I’ve been meaning to do a series of blog posts on the state of townhouse sales so far in 2010 by neighborhood. Here’s the first in that series – covering the neighborhood that’s near and dear to us – Mount Morris Park…
Generally I find there are two groups of townhouses – 1) ones that need $500K+/- in renovations, and 2) ones that don’t (at least not right away).
On the high end…
|226 Lenox||02/10/10||$1.25M||253||20′ wide, 5 story, former mortuary, needs work|
|22 West 120||03/31/10||$1.65M||543||Steel and concrete minimalist interior|
|4 W 123||06/01/10||$1.65M||647||17′ wide, single family, 2,547 square foot (probably not including ground floor), some great details but needed work|
|5 W 121||07/08/10||$1.55M||353||20′ wide, three family, 4,393 square foot|
|19 W 120||08/12/10||$1.8M||370||20′ wide two-family w/ original details, 4,865 square feet|
|115 W 120||08/20/10||$1.975M||412||20′ wide, 4 story, two family, approx 4,800 square feet|
The very first one, 226 Lenox was a bit of a special case – it’s probably at the high end of the ones needing around $500K in renovation. Among the others you can see the trend is generally up (slightly). The standard price seemed to be $1.65M (no matter what the size, oddly), but now that’s been broken and prices are just under $2M.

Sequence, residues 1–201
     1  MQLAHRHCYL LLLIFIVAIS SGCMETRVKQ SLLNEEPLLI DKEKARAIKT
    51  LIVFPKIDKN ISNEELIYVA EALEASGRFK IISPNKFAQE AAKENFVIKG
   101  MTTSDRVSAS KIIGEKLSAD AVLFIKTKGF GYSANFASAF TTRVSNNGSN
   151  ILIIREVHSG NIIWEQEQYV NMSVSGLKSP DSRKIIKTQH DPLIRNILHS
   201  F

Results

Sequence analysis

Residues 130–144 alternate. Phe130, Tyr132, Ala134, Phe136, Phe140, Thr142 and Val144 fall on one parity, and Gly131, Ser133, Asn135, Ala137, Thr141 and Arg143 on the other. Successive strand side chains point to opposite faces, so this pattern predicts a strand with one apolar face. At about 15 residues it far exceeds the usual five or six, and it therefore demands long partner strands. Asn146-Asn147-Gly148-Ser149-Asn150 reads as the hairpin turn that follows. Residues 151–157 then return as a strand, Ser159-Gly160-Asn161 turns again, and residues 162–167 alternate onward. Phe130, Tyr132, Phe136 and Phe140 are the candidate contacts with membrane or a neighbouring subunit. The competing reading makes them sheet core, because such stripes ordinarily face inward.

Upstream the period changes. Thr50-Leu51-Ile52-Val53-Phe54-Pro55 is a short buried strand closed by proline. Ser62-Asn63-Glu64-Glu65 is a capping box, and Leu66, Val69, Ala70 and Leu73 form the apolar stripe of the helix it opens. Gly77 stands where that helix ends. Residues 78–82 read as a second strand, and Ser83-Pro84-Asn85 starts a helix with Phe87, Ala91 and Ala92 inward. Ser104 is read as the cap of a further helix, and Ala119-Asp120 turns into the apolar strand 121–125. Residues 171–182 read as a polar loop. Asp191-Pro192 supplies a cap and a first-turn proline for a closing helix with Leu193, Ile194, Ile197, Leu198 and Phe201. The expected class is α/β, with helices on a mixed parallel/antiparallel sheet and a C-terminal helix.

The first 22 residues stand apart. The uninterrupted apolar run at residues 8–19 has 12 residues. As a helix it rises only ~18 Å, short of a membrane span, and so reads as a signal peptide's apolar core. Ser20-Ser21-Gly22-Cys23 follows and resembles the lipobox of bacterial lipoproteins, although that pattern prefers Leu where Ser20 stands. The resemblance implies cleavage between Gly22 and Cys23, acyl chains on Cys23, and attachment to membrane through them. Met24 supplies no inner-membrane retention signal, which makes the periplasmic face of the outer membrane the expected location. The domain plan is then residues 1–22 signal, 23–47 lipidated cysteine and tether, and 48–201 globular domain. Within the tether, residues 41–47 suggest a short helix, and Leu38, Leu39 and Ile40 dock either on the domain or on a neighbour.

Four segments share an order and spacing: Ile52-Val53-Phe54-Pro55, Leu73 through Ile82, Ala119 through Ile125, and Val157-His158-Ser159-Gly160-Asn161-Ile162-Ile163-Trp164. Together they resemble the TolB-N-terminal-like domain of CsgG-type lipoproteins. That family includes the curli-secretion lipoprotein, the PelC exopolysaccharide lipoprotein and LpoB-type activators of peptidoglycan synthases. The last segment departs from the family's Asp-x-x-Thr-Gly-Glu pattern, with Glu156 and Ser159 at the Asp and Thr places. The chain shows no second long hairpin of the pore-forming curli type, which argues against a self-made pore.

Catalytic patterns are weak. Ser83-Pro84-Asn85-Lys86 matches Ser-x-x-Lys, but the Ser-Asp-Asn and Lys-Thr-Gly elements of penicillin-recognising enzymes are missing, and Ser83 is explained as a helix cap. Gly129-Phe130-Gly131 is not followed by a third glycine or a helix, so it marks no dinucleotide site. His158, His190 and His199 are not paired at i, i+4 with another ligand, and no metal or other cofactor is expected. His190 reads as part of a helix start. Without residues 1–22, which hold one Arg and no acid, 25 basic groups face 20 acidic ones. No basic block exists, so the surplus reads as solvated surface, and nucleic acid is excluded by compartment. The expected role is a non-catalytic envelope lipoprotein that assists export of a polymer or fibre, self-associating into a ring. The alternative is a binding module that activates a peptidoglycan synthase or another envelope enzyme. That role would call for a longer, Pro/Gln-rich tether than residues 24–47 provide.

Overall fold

On the low end…
|21 W 120||03/01/10||$425K||95||20′ wide, 4,472 square-foot fully occupied SRO|
|168 W 123||03/03/10||$530K||147 (117)||Our place. 15′ wide, 5 story, totally gutted shell with fire damage, SRO with a certificate of no harassment|
|162 W 120||03/04/10||$500K||123||17′ wide, 4 story limestone, 4,058 square feet
|104 W 120||04/30/10||$550K||194|
|20 W 120||05/25/10||$700K||127|
|128 West 123||06/30/10||$415K||196||4 story brick townhouse with mansard roof|
|183 Lenox||08/25/09||$795K||192||19′ wide, SRO w/storefront, 4,139 square foot|
The first thing to notice is that this is still a great time to buy a townhouse shell in Harlem. There’s over a million dollar difference between the price of shells and the high end places, but you can renovate a shell into a high end townhouse for about $600-$800K, so you’re likely to net between $300K and $500K on the renovation.
Price per square foot is tricky with shells. Taking our place as an example – officially it’s 4 stories and 3605 sq. ft. However, in actuality it’s 5 stories and 4500 sq. ft. Oddly, I thought the number of stories would get fixed as we went through the DOB plan approval process, but I saw the plan examiner look right at the plans and call it a 4 story building. However, they are now billing it as having 4,500 sq. ft. – at least that much is getting corrected. What this means is as you look at townhouses you need to calculate the real square footage and determine your own price per square foot.
The bottom line is, like the upper end, there is an upward trend in prices for shells. Not counting the fully occupied SRO (which you wouldn’t want to touch with a 10′ pole unless you wanted to be a landlord, not a home owner), our place was pretty much the low price on a price per square foot basis at $117/sq. ft. The others since that time have been more money on a price per square foot basis (which is how you really need to price buildings like these). Assuming the recent ones are 4 story buildings misclassified as 3 story buildings – that means the actual price per square foot for shells is now in the mid-$140s.